Bob Cain remembers warming up before the bottom of the first inning of a game between the Detroit Tigers and the St. Louis Browns on Aug. 19, 1951. It was the second game of a doubleheader in St. Louis, and Browns owner Bill Veeck had arranged between-games entertainment for the 18,369 fans who showed up at Sportsman's Park that day.
Veeck had promised the fans something they would never forget. That something was Eddie Gaedel. In between games, a trailer carrying a large papier-m�ch� cake was rolled onto the field near the Browns' dugout. Out jumped Gaedel, a 3'7", 65-pound midget wearing a Browns uniform with the number ? on the back. He waved a miniature bat, then trotted into the dugout. "I kept thinking it was another promotion," says Cain, now 71. "Who knew what was going on? Frank Saucier started in centerfield for the Browns that day, and we knew he had a sore arm, but who would imagine the little guy would be brought in as a pinch hitter?"
St. Louis manager Zack Taylor produced Gaedel's contract, which had been sent to the league office the night before. Umpire Ed Hurley hollered, "Play ball!" and Tigers catcher Bob Swift trotted out to the mound. "We laughed a little, and I asked Swift if I should pitch to him underhanded," Cain says. "It was one of those moments that I knew would be remembered for a long time, and I wanted to handle myself properly. So we decided to pitch to him. Unfortunately, Eddie had a strike zone about the size of a baby's bib."
Four pitches later Gaedel was skipping to first base. Jim Delsing came out to pinch-run for Gaedel, who waved to the roaring crowd as he returned to the dugout. "My teammate Dizzy Trout told me that if he'd been pitching, he would have plunked Gaedel right between the eyes," Cain says. Cain and the Tigers won the game 6-2, but the outcome was overshadowed by Gaedel's unforgettable base on balls.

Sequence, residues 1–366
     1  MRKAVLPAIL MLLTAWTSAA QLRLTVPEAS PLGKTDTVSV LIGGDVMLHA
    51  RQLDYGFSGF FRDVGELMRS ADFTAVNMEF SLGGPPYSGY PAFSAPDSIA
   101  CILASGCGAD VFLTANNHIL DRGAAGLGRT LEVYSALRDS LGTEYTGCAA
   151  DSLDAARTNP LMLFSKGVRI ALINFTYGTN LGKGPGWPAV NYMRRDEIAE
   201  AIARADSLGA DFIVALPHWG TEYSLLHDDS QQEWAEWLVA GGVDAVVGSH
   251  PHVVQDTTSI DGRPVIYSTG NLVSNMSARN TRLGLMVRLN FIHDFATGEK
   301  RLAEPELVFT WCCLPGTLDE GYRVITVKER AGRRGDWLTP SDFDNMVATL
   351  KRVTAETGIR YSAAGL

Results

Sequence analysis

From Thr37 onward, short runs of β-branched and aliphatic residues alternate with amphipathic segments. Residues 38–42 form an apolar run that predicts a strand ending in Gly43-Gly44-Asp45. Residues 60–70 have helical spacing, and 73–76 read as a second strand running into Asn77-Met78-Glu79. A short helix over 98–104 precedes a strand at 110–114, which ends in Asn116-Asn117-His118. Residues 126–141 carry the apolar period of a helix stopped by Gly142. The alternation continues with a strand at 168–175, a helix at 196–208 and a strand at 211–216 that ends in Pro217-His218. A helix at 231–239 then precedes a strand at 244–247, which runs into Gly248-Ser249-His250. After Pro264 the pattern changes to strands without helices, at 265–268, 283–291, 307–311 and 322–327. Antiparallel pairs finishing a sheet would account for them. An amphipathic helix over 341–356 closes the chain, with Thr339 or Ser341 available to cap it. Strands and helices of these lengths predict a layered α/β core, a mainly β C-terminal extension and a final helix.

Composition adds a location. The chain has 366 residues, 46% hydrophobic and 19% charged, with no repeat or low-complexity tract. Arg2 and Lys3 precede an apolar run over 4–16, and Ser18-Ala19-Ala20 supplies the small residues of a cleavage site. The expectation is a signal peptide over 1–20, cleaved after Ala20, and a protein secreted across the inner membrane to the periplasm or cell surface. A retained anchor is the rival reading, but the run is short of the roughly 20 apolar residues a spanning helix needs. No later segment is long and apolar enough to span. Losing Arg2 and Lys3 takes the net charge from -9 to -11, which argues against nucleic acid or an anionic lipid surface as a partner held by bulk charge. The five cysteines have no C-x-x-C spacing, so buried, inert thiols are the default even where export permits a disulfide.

Cain is philosophical about his link to Gaedel and, through him, to baseball history. "But sometimes I wish I was remembered a little more for some of the other things I did in baseball besides pitching four balls to a midget," he says.
Cain was called up by the Chicago White Sox in 1949, and in his first appearance he pitched in relief against the Boston Red Sox at Fenway Park. The first batter he faced? Ted Williams. "Ted worked the count to 3 and 2, and I had a feeling he was looking for a fastball," Cain says. "So I threw him a curve for a called strike three. He went back to the dugout, and I stood on the mound in shock."
There were other highlights in Cain's five-year major league career with the White Sox, the Tigers and, finally, the Browns. In Cain's first big league start, in 1950, the White Sox beat the Yankees 15-0 at Yankee Stadium. In 1952, pitching for the Browns, Cain outdueled Bob Feller and the Cleveland Indians 1-0. Both pitchers threw one-hitters. "Two years later I hurt my wrist, and my career went with it," says Cain, whose lifetime record was 37-44.
Cain never spoke with Gaedel after that Tigers-Browns game, but when Gaedel died in 1961, at age 36, from injuries suffered in a mugging, Cain and his wife, Judy, went to Chicago for the funeral. There was only a handful of people there, and Cain was the only one with a baseball connection. "We saw Eddie's mother, Helene, and I know it meant a lot to her that Judy and I were there," Cain says.
In 1994 Cain, who lives in Euclid, Ohio, reenacted the Gaedel at bat at a St. Paul Saints minor league game, pitching to the 10-year-old son of the Saints' manager. The Saints are owned by Bill Veeck's son, Mike, who said, "The fans enjoyed the recreation. My dad used to say that if as many people who told him over the years they were there to see Eddie Gaedel had actually been at the ballpark that day, he'd still own the St. Louis Browns."
Afterward Mike Veeck complimented Gaedel's one-time straight man. " Bob Cain is a delightful guy," he said. "Baseball needs more people like him." The game also needs more owners like Veeck's dad.